by Jory Cohen, Director of Social Finance and Investment
A little while ago my wife Jill and I committed to a 100% impact portfolio; our goal is to transition our investment portfolio to one entirely composed of impact investments. This is the sixth post outlining one of the steps in the process of getting to our goal. In Part 5, I described our investment in Great Quest Fertilizer, a company in its early stages of operations that is publicly-listed on the TSX Venture Exchange. This post features another publicly-listed company, although this time the venture is listed on the New York Stock Exchange (NYSE) and earned approximately $9.8 billion (USD) in sales in 2017. The company is BorgWarner Inc., a components and parts supplier for the global automotive industry headquartered in Michigan. I first learned about BorgWarner from one of my contacts in the investment field. Knowing my interest in impact investing, they suggested I take a look at BorgWarner, both from a financial and impact perspective.
BorgWarner was founded in 1928 through the merger of two companies: Borg & Beck and Warner Gear. Since then, BorgWarner has grown into a company with 60 manufacturing facilities in 18 countries that supplies parts and components to major automakers in the U.S., Europe, and Asia. Financially — at the time of writing this post — BorgWarner has grown their operations to multi-billion dollars of annual sales, with a strong recent increase in net earnings and shareholder returns. From an impact perspective, BorgWarner is increasingly producing components and parts for hybrid and electric vehicles, with around 50% of their order backlog associated with low-emitting vehicles. For example, BorgWarner recently developed technology that leads to superior energy management for battery-powered hybrid and electric vehicles. This climate-friendly line of revenue will likely grow in the future, with outcomes that contribute to the twelfth United Nations Sustainable Development Goal revolving around the responsible consumption and production of goods.
According to the Union of Concerned Scientists, emissions from vehicles are a major contributor to global warming. In the U.S., approximately 20% of all emissions of carbon dioxide and other harmful gases are from cars and trucks alone. About 30% of global warming emissions in the U.S. comes from the country’s transportation sector, which encompasses cars, trucks, trains, freight, ships, and planes. BorgWarner’s increasing focus on the production of components and parts for hybrid and electric vehicles is part of the climate solution that limits the negative effects of global warming.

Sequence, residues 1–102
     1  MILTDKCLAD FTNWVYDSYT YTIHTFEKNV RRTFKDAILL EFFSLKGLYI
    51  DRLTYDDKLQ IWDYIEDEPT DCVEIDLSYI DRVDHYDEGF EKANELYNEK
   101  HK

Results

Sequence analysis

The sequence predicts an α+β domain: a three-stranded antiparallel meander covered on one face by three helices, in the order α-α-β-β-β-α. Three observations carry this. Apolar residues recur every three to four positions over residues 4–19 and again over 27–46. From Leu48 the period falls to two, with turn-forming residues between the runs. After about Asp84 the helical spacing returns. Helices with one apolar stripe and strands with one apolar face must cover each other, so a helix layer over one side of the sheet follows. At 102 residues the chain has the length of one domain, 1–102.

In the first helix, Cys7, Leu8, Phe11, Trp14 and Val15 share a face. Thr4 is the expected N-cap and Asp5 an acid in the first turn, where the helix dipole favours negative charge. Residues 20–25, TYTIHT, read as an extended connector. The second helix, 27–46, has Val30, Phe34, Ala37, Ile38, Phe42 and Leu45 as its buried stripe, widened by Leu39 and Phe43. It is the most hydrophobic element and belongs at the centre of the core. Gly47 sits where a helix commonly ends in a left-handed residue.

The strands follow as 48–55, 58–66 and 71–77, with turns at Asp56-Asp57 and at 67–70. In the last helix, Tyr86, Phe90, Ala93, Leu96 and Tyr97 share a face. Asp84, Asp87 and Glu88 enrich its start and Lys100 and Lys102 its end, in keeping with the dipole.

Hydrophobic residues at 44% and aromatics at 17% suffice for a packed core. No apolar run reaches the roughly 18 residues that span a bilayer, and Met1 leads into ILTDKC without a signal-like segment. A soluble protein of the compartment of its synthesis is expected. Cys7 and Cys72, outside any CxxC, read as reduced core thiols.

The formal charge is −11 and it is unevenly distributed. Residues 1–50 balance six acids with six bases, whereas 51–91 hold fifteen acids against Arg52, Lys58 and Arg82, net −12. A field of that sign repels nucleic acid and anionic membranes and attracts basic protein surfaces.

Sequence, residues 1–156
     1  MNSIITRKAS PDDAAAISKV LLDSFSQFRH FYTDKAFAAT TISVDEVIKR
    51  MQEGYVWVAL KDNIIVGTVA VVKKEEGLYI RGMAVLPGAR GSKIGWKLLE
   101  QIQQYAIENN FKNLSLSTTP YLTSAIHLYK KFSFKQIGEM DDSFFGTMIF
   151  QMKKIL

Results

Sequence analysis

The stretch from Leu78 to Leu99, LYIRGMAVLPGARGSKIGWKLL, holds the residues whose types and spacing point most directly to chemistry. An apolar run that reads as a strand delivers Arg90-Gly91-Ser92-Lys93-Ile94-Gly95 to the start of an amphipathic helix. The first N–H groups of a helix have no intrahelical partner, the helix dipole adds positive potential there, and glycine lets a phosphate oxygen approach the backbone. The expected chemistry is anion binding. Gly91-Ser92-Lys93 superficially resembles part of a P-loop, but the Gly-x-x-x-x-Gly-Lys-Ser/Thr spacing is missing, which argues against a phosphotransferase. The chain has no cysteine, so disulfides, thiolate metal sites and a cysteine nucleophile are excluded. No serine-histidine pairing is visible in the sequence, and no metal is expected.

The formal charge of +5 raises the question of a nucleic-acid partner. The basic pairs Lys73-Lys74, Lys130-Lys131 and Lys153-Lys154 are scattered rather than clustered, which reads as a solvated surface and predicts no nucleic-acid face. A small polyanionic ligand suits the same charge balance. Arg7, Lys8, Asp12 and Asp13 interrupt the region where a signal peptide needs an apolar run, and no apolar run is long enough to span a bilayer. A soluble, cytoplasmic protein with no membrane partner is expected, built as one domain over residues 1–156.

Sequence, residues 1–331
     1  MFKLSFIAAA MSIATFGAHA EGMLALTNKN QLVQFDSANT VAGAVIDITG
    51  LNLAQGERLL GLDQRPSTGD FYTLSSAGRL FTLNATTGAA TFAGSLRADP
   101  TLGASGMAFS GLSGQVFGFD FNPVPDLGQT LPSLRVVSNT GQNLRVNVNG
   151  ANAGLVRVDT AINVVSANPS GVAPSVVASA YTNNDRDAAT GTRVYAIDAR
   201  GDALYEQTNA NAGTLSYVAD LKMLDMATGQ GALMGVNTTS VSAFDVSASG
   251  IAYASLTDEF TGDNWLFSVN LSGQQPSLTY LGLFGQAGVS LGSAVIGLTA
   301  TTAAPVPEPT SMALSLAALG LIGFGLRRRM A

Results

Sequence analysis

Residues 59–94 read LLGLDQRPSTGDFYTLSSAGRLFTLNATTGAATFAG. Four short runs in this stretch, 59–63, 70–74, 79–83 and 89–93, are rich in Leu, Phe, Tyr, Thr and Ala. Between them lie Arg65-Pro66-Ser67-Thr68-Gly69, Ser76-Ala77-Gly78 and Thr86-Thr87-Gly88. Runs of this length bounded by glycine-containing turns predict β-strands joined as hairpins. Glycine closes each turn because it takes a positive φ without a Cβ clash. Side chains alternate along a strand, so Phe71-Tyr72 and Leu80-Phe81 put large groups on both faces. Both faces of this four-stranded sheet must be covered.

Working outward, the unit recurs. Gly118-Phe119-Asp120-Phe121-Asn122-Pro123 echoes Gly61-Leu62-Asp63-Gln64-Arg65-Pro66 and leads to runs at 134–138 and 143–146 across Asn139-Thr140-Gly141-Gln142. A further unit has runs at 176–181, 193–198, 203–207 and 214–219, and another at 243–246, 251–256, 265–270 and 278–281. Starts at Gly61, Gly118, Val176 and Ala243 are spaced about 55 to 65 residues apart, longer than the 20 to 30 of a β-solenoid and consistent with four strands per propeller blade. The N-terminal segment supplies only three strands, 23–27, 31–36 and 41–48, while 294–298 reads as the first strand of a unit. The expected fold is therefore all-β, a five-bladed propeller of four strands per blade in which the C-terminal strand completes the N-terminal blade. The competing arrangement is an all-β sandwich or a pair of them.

Closer to (my) home, a report commissioned by Environment and Climate Change Canada (Canada’s Changing Climate Report) states that Canada has experienced twice the rate of temperature increases compared to the average pace of global warming found in rest of the world. In Northern Canada, the level of warming is about three times the global average.
To date, most of our public market investing has been in large-cap companies — enterprises with market capitalizations (total dollar value of a company’s shares) over $10 billion (USD). At the time of this post, BorgWarner is a mid-cap company, with a market capitalization of around $8 billion (USD).
There’s some evidence that some mid-cap companies have higher growth and return potential than some large-cap companies, and for BorgWarner, I believe the potential for healthy growth and returns is strong. From a portfolio perspective, prior to our investment in BorgWarner, 42% of our portfolio was allocated to impact investments. Subsequent to our investment in BorgWarner, 48% of our portfolio can now be classified as impact investments.
With the investment in BorgWarner, we added portfolio exposure to the global equities asset class, while trimming our allocation to Canadian public equities.
Our investment in BorgWarner plays a role in our wider portfolio as a whole. It is not viewed as a one-off allocation to an individual company. Rather, the investment complements our wider global equities strategy and adds some growth and return potential to an asset class that is predominantly composed of investments in very large companies. I believe BorgWarner makes sense for our portfolio from both a financial and impact perspective.
Note: From a governance perspective, BorgWarner’s current Board of Directors does not meet Jill and my expectations for gender and other forms of diversity. There is ample evidence for why boards need to be more diverse and reflective of the communities they serve, both from a moral standpoint as well as in terms of financial performance. We will be keeping an eye on their board development in considering whether to keep holding this investment.
Disclaimer: This blog post is not investment advice nor is it an investment recommendation, so don’t take it as that and don’t rely on it! Seek independent professional investment advice to find out what works best for you.